The motto, to paraphrase former President Obama, could be: “If you like your ACA health care plan, you can keep it.” But if you don’t like the plan or any of the other ACA choices offered in state exchanges, you can find something more to your liking that doesn’t follow the ACA guidelines. That’s the gist of a proposal offered by Sen. Ted Cruz, the Wall Street Journal reports.
The idea “would allow insurers to offer cheaper, less-comprehensive policies, likely to be bought by healthier people. Those policies could charge higher prices to those with pre-existing medical conditions, and possibly deny them coverage altogether.”
The idea is the latest attempt to bring conservative and centrist GOP members of the Senate together in order to fulfill President Trump’s promise to replace Obamacare. It is far from a slam-dunk, as health care experts who spoke to the WSJ said that Cruz’s plan would make premiums soar for those with pre-existing conditions.
Cruz told a radio station that, “We’ve got to lower premiums, and the way you lower premiums is you give the consumers freedom to choose the health insurance plan that they want without the government mandates.”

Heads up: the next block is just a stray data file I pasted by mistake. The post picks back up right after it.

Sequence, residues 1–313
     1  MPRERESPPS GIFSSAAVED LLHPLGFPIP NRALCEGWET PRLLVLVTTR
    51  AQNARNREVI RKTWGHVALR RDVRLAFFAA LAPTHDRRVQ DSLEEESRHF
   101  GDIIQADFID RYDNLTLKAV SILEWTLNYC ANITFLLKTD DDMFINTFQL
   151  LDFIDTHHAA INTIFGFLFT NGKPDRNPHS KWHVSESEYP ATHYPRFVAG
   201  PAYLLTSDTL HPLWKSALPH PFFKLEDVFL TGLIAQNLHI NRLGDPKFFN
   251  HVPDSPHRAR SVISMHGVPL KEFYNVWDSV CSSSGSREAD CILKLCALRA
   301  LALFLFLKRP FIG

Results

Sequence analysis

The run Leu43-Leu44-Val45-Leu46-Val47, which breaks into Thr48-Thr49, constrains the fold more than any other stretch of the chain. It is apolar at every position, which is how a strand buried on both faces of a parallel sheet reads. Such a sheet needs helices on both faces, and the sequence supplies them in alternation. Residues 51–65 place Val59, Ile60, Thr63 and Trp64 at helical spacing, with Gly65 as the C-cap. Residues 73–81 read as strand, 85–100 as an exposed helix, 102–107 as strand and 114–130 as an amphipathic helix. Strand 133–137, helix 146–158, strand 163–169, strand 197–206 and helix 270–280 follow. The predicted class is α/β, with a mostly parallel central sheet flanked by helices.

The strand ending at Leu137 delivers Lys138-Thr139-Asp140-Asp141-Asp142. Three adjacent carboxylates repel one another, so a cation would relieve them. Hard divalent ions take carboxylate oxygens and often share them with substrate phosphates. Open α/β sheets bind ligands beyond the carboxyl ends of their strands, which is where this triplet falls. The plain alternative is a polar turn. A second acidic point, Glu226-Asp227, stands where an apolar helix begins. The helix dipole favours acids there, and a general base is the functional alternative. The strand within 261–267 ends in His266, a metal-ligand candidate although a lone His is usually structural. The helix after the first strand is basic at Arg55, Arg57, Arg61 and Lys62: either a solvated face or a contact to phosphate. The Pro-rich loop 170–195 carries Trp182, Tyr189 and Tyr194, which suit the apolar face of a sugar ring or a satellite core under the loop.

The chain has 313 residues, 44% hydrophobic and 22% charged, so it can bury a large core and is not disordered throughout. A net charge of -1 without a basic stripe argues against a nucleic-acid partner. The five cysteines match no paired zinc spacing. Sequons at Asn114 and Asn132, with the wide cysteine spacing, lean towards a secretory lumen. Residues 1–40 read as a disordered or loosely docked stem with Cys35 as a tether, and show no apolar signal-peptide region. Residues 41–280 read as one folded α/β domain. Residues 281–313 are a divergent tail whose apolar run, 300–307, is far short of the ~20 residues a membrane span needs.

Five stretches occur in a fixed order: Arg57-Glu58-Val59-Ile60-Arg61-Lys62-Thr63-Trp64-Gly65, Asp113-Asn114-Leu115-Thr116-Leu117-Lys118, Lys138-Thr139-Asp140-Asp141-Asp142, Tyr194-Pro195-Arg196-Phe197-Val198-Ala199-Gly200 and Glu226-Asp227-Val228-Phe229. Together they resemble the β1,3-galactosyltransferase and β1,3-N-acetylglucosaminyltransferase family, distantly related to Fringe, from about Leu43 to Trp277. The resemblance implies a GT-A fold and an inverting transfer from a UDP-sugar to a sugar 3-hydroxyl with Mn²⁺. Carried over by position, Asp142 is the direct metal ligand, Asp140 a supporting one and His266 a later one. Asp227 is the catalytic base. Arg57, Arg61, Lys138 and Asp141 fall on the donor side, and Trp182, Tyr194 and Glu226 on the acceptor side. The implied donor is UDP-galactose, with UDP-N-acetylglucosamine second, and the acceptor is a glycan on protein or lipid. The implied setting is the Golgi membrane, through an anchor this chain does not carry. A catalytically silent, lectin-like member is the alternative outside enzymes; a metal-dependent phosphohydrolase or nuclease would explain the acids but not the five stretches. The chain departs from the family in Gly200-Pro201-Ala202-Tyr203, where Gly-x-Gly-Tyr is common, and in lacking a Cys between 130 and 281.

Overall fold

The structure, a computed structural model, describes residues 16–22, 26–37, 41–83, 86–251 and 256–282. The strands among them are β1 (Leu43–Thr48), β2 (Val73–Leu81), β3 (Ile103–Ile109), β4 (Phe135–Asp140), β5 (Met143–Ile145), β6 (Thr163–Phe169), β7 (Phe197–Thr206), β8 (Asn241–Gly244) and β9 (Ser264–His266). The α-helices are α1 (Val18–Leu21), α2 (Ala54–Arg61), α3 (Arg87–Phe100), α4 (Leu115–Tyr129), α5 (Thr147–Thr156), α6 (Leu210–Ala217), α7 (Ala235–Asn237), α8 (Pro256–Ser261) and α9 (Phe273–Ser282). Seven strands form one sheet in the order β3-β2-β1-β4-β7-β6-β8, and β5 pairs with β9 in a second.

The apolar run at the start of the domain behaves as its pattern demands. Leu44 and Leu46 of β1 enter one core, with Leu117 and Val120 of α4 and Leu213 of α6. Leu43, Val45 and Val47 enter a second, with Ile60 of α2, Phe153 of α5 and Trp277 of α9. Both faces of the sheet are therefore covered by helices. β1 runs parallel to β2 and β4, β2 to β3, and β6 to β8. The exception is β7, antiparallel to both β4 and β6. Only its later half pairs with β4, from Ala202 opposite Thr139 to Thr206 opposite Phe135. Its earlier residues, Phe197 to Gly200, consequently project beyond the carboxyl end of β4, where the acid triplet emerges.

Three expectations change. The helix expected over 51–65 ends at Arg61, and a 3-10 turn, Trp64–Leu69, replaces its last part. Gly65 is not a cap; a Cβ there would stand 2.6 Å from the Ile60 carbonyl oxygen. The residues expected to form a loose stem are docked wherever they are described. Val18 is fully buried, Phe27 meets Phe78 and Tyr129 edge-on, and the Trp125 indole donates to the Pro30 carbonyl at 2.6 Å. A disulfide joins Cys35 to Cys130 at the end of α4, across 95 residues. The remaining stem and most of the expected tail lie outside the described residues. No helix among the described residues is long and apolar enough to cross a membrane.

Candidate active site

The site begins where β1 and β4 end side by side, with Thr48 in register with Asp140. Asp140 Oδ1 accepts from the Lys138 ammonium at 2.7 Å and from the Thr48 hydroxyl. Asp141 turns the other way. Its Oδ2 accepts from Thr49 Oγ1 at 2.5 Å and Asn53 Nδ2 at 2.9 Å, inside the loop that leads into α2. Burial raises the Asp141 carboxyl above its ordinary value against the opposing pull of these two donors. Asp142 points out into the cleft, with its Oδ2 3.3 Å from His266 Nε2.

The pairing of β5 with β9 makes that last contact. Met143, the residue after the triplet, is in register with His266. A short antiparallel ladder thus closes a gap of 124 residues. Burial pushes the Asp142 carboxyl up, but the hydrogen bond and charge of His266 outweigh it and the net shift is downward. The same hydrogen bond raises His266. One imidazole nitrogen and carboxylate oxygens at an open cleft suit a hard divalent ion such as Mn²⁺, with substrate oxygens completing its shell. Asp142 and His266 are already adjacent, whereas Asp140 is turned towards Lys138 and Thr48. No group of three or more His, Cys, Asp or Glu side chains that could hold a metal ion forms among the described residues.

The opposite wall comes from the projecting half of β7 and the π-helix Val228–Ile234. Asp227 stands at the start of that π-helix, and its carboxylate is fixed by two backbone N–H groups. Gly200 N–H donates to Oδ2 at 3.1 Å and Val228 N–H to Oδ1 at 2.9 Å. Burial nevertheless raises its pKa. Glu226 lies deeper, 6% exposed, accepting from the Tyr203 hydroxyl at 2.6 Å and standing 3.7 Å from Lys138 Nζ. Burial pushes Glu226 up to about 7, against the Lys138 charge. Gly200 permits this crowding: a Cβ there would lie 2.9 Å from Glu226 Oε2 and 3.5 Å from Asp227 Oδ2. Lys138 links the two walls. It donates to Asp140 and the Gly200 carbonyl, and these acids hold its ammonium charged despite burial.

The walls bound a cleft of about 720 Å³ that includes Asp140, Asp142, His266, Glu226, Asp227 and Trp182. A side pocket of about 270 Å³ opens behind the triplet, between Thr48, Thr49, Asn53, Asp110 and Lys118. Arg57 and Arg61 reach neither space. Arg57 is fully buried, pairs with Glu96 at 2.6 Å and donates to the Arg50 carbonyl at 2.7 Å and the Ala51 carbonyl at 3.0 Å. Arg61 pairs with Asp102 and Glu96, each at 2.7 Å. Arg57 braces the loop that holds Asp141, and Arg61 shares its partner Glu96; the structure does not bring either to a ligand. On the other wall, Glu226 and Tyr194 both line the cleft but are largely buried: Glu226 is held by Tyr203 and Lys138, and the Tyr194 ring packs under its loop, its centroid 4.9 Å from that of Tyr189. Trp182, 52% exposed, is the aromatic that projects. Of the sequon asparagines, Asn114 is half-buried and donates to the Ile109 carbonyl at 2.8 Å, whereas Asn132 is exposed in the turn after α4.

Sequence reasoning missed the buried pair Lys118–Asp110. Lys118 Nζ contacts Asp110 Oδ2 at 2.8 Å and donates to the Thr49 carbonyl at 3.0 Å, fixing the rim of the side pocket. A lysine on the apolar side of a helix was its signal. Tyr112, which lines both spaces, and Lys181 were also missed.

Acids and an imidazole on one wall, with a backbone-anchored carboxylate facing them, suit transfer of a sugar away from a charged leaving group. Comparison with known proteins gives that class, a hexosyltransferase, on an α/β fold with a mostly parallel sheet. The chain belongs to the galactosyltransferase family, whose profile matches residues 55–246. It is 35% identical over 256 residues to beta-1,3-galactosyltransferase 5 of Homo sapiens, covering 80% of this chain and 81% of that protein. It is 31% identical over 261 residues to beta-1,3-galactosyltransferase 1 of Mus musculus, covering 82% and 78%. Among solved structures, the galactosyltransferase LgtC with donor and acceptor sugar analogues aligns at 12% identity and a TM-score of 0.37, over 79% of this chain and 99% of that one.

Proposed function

Some conservative groups like the idea.
FreedomWorks President Adam Brandon said in a statement: “If Senate Republicans insist on tweaking Obamacare, we urge them to adopt language being pushed by Sens. Cruz and Lee that will provide consumers with more choice and truly affordable health insurance coverage.”
The House would have to vote on the Senate version and the Cruz proposal might make House approval more likely, Rep. Mark Meadows, the chairman of the Freedom Caucus, a conservative group in the House. He tells the WSJ: “If the MacArthur amendment is not in there, the Cruz amendment is not in there, or an amendment that is similar to those that drives down premiums, you lose substantial votes in the House on the conservative side of things, which makes it almost impossible to pass.”
The amendment by Rep. Tom MacArthur would allow states to obtain waivers to opt out of ACA requirements.
Source: Wall Street Journal